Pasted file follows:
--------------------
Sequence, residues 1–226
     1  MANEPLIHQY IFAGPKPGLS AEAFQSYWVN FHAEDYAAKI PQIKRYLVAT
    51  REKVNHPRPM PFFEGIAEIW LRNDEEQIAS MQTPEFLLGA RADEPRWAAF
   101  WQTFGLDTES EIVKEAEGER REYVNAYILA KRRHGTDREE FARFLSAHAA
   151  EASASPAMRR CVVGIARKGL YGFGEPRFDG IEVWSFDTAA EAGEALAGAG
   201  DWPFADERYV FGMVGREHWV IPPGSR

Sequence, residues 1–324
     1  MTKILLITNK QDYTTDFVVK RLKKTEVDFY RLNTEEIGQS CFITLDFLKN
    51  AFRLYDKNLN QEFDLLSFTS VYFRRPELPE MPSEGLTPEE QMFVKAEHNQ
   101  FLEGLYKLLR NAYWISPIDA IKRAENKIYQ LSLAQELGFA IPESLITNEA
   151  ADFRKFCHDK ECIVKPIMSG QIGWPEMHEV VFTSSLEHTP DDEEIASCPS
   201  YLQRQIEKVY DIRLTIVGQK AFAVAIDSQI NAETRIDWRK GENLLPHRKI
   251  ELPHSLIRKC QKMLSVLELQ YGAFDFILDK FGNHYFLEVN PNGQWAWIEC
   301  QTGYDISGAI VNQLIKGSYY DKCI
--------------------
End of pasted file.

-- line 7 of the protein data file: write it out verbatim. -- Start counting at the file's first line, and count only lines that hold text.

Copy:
Sequence, residues 1–324